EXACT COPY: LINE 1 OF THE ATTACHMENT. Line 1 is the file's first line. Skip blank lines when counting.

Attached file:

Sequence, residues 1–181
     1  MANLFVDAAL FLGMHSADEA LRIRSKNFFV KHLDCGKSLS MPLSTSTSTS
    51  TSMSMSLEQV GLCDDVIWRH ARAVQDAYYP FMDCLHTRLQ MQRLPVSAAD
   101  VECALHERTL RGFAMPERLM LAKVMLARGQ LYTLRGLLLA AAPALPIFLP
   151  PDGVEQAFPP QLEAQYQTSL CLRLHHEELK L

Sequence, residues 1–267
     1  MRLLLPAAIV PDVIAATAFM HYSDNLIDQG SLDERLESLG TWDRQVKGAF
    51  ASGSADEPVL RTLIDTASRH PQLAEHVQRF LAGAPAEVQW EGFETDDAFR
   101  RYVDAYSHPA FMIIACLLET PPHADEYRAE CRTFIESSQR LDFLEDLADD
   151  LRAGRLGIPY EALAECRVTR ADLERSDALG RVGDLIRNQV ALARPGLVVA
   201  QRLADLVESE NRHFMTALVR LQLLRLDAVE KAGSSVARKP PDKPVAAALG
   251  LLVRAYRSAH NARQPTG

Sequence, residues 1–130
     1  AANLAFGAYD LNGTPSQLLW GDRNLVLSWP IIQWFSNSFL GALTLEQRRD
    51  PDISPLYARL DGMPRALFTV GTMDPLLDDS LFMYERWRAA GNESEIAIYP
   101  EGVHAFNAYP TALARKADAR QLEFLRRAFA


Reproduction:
Sequence, residues 1–181